What’s the key to paint­ing tree bark?

Emanuel War­bur­ton, Wales

ImagineFX - - Imagine Nation Artist Q & A -


Sara replies

Tree bark dif­fers from species to species so you need to de­cide what kind of tree you want to rep­re­sent. For this ex­am­ple I’ve selected the bark of an oak tree.

Oak bark is cov­ered by deep frac­tures that di­vide the sur­face into smaller, rougher ar­eas. Within these frac­tures there will be moss, dust or wood of a dif­fer­ent colour.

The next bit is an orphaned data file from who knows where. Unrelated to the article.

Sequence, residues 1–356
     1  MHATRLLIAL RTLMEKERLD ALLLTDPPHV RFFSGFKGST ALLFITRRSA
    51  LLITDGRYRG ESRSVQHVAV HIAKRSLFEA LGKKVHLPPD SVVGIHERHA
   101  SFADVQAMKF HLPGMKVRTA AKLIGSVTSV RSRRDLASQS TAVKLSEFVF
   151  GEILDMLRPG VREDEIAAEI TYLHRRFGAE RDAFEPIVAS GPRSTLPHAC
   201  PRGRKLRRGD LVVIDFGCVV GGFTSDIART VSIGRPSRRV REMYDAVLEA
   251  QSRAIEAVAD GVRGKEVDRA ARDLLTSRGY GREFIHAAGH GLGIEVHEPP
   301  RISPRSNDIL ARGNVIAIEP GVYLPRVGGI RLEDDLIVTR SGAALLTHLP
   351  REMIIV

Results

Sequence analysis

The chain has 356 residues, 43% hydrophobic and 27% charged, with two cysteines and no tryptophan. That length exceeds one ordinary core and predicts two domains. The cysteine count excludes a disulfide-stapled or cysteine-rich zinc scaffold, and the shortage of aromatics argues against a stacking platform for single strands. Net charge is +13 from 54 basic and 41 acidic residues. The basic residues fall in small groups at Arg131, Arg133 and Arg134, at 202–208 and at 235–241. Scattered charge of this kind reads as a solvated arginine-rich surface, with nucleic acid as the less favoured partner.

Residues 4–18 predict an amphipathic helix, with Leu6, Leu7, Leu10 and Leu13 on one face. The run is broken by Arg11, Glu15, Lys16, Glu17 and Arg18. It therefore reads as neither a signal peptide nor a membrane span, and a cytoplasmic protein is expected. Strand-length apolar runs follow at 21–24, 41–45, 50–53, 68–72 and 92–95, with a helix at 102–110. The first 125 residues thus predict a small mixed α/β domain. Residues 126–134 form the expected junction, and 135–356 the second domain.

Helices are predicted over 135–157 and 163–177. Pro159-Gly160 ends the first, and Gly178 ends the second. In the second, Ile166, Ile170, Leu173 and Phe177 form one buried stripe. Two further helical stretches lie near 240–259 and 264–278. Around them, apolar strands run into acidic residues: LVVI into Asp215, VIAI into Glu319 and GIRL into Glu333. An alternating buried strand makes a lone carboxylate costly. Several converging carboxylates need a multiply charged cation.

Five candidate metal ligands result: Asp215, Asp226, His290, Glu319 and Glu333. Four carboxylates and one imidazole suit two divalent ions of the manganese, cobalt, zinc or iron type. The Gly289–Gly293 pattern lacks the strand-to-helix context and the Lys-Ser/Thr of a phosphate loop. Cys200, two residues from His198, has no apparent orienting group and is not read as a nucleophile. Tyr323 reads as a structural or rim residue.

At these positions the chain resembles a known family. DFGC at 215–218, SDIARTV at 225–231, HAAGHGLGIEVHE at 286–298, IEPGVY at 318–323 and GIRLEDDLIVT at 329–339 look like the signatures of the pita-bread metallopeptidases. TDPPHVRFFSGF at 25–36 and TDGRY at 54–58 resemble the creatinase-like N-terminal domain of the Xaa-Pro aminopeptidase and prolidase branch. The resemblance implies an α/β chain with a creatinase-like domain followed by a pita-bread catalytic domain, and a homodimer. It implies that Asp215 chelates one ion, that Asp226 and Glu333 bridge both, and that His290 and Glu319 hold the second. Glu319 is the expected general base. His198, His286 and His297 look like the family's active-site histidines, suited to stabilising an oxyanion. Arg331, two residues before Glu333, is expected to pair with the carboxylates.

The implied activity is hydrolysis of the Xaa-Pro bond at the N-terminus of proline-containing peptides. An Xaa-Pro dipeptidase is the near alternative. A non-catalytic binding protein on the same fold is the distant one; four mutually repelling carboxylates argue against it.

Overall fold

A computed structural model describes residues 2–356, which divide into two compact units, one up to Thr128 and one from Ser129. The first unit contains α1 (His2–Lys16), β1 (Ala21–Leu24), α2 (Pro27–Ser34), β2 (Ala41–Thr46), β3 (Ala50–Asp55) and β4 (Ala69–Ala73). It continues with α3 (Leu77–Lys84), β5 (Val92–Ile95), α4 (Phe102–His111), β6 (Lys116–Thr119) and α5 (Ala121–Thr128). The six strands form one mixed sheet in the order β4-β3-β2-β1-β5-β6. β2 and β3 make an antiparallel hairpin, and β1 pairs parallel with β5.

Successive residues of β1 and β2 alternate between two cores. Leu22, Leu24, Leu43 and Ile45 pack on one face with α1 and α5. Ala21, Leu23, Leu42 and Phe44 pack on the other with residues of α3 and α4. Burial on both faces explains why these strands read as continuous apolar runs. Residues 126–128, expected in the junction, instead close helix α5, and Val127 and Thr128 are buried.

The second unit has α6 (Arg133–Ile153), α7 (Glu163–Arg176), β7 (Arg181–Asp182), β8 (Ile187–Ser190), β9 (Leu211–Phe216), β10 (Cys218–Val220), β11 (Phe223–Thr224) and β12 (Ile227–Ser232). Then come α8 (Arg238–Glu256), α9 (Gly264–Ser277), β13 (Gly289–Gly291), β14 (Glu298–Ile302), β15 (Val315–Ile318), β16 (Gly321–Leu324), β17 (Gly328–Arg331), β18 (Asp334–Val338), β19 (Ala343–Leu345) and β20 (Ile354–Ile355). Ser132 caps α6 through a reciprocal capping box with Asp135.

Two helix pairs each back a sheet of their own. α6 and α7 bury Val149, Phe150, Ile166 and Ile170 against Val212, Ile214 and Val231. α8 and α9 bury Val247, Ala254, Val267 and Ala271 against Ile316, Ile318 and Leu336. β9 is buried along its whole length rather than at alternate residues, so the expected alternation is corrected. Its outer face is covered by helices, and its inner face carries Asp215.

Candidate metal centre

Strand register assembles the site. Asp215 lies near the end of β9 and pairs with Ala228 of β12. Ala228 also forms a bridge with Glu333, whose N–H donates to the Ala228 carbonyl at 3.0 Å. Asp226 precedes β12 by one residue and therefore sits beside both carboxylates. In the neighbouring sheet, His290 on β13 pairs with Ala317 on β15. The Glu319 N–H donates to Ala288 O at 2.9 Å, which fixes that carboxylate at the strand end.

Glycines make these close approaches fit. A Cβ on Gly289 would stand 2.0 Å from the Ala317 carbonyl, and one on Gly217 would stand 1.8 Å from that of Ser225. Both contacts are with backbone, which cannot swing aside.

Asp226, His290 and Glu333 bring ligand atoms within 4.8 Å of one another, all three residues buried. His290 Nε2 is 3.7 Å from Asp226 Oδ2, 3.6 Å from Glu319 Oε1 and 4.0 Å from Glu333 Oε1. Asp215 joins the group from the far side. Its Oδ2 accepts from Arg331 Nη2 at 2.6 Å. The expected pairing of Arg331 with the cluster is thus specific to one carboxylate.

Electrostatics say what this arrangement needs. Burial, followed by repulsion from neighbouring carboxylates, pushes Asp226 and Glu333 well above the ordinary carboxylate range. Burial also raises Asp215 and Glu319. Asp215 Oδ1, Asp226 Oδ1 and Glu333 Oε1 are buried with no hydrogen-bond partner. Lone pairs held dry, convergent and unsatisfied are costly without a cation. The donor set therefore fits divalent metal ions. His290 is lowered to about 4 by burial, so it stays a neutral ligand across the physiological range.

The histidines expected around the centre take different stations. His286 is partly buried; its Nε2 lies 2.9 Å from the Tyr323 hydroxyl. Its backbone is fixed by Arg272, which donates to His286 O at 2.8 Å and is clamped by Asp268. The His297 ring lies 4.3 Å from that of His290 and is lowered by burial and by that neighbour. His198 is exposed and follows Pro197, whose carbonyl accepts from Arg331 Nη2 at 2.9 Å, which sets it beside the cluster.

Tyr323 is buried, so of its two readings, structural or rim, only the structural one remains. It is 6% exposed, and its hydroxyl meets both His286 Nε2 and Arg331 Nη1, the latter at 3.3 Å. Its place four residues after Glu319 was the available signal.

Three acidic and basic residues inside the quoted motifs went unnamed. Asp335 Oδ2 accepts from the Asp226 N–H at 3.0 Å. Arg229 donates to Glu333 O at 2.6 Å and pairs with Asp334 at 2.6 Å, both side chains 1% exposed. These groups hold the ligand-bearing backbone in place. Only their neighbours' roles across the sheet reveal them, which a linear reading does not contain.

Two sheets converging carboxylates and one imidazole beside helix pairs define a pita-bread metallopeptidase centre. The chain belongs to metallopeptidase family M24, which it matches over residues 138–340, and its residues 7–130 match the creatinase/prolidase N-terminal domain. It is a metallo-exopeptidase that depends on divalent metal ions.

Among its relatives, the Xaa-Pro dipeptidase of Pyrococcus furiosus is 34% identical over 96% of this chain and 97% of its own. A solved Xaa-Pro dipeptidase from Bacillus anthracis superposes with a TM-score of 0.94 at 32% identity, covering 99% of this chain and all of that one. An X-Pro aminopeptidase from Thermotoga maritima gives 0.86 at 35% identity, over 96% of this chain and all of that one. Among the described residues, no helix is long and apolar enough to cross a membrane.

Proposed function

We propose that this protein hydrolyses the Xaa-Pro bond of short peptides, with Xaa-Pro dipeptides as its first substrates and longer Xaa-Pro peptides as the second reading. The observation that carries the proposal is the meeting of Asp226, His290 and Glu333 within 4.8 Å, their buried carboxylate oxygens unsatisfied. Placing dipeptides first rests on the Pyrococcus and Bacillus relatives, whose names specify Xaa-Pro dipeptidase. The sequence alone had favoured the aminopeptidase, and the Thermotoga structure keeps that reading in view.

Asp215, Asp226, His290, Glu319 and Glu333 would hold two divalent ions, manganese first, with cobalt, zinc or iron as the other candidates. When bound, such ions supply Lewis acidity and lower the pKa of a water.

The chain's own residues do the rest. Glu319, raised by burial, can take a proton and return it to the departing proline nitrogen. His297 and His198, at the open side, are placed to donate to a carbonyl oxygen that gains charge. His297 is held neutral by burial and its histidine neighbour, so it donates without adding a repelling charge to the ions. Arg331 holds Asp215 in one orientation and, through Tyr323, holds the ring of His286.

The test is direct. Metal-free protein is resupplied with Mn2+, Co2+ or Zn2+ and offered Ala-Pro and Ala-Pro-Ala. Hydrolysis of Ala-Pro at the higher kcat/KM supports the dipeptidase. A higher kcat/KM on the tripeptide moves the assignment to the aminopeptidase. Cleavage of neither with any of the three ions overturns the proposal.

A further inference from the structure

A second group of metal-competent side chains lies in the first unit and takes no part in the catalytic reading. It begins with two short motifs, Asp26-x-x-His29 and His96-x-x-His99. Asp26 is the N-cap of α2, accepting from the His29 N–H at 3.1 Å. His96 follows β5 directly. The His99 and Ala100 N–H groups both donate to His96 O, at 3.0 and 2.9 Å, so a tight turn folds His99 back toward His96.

I start by se­lect­ing the right colour of the trunk. I avoid choos­ing a brown that’s too sat­u­rated. Once I’ve sketched my lights and shad­ows, I cre­ate a new layer where I trace the veins of the bark with a darker colour. I al­ways use hard-edged brushes with rough tex­tures. Then I cre­ate a new layer and add lighter ar­eas. As a fi­nal touch I paint traces of moss and knots to ac­cen­tu­ate the ir­reg­u­lar­ity of the whole tree.

The vein pat­tern that I trace has to fol­low the shape of the tree in a nat­u­ral way, so it shouldn’t look too tidy.

The key is sug­gest­ing the bark’s rough­ness. Pho­to­shop’s ba­sic sponge brushes are ideal.

Newspapers in English

Newspapers from Australia

© PressReader. All rights reserved.